Not playing golf a big handicap for female advisers: Survey

Prospecting stymied, survey reveals; 'you don't have to be great at it'

May 10, 2012 @ 3:41 pm

By Andrew Osterland

+ Zoom

Want to improve your relationships with your clients, increase your exposure to new potential clients and generally open up opportunities to expand your business? Learn how to swing a golf club, keep your head down and follow through toward your target.

“Get out on the golf course. That's where the action is and where the money is,” said Leslie Andrews, who along with partner Adrienne Wax launched a company to help female executives use golf as a business tool. Ms. Andrew and Ms. Wax spoke to a somewhat sparsely attended session at the National Association of Personal Financial Advisors conference in Chicago about how golf can help financial advisers in their business.

Ms. Andrews cited a study of female executives by MassMutual Financial Group that found that 73% of those who golf said it has helped them develop business relationships. Forty six percent of women cited exclusion from informal networks as the biggest impediment to their careers.

“Golf is the biggest informal network of them all,” said Ms. Andrews, who is a 7 handicap. “You don't have to love it and you don't have to be great at it. But you do need to use it as tool to reach your clients and colleagues.”

Unlike men, women tend to believe that they have to be good at the game to go out and golf with others. Ms. Wax recalled seeing a woman with a beautiful golf swing at a driving range and asked her what her handicap was. “She'd never been on a golf course, because she said she wasn't good enough,” said Ms. Wax, who is an 11 handicap. “Women have this idea that they have to be perfect or have to be better than men just to participate.”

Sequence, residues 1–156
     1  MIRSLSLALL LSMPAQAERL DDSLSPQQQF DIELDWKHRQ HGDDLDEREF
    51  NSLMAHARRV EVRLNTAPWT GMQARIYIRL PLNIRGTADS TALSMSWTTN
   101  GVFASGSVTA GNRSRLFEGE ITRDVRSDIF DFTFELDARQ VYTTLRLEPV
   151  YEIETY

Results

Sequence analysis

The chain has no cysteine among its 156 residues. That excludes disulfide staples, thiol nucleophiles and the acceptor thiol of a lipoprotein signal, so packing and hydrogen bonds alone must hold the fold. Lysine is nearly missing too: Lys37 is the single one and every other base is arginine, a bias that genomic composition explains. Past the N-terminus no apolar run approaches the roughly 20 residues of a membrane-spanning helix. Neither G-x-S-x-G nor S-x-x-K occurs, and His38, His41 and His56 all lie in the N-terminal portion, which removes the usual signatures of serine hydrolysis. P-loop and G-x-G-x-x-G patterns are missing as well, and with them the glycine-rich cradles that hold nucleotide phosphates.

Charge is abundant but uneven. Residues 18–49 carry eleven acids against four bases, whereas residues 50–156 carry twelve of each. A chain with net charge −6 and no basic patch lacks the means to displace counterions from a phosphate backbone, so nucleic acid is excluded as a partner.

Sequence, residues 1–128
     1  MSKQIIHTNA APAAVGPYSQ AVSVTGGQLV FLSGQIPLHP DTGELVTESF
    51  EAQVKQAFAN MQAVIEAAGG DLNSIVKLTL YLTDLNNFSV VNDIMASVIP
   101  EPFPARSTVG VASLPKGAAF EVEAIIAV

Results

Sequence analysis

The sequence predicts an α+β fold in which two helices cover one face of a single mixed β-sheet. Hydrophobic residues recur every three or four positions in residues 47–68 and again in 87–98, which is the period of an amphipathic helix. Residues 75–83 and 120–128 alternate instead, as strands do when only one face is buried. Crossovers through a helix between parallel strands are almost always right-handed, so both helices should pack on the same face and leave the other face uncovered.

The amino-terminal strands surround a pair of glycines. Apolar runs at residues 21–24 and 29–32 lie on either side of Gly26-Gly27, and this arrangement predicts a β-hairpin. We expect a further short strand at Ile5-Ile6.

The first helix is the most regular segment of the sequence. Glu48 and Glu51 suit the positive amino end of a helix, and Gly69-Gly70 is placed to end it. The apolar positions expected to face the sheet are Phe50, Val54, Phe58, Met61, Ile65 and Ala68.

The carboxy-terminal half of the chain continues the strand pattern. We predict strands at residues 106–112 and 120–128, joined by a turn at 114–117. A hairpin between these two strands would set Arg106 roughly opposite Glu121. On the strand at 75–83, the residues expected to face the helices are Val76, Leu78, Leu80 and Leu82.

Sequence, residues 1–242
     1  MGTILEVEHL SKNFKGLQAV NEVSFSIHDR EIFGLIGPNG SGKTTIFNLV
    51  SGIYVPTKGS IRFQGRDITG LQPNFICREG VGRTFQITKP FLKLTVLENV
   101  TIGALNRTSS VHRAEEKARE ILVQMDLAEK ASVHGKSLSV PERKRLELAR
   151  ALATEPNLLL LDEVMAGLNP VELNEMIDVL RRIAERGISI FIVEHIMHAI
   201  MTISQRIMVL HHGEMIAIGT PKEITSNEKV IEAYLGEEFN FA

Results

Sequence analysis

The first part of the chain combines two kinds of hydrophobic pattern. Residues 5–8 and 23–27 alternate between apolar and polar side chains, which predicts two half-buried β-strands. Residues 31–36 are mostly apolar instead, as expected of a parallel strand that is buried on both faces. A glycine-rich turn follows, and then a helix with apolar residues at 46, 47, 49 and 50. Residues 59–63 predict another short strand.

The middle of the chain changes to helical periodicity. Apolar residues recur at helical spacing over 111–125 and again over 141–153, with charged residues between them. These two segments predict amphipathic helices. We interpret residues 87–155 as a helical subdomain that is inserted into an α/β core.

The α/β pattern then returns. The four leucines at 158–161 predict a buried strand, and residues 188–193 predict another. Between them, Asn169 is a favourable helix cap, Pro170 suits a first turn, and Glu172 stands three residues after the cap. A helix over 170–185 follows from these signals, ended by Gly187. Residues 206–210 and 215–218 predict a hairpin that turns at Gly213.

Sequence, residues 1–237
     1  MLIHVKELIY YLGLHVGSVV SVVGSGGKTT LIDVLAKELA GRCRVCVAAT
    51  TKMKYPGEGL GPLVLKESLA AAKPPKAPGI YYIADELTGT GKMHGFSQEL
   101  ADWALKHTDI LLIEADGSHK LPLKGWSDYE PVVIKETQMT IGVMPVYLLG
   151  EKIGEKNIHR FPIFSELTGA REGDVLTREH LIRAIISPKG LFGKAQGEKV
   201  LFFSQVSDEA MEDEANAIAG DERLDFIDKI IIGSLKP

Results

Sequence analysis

Much of their efforts in helping women to get on the golf course involve dispelling myths.

Myth 1: Most men are good at golf. “The reality is, they're not,” Ms. Wax said. “Most people are mediocre at golf. You just need to be good enough to get out and use it as a business tool.”

Myth 2: You have to be an athlete to play. “It's not about being athletic; it's about perseverance and desire to get better,” Ms. Wax said.

Myth 3: Women aren't welcome on the golf course. In fact, it's the exact opposite. “The industry is desperate to bring women to the game,” Ms. Andrews said. “It's a great time to join a private club. The economy has crushed a lot of them.”

Myth 4: Men don't want to play with women. “It's just not true,” Ms. Andrews said. “Men like to be around women. Why wouldn't they want to golf with them?”

Jovita Honor, a financial adviser with Founders Financial Network LLC, didn't raise her hand when Ms. Andrews initially asked who in the audience was a golfer. “I have clubs and I've taken lessons, but I'm not comfortable going out there with people I don't know,” Ms. Honor said.

The presentation, however, seems to have changed her mind. “Ok, I'm a golfer.”


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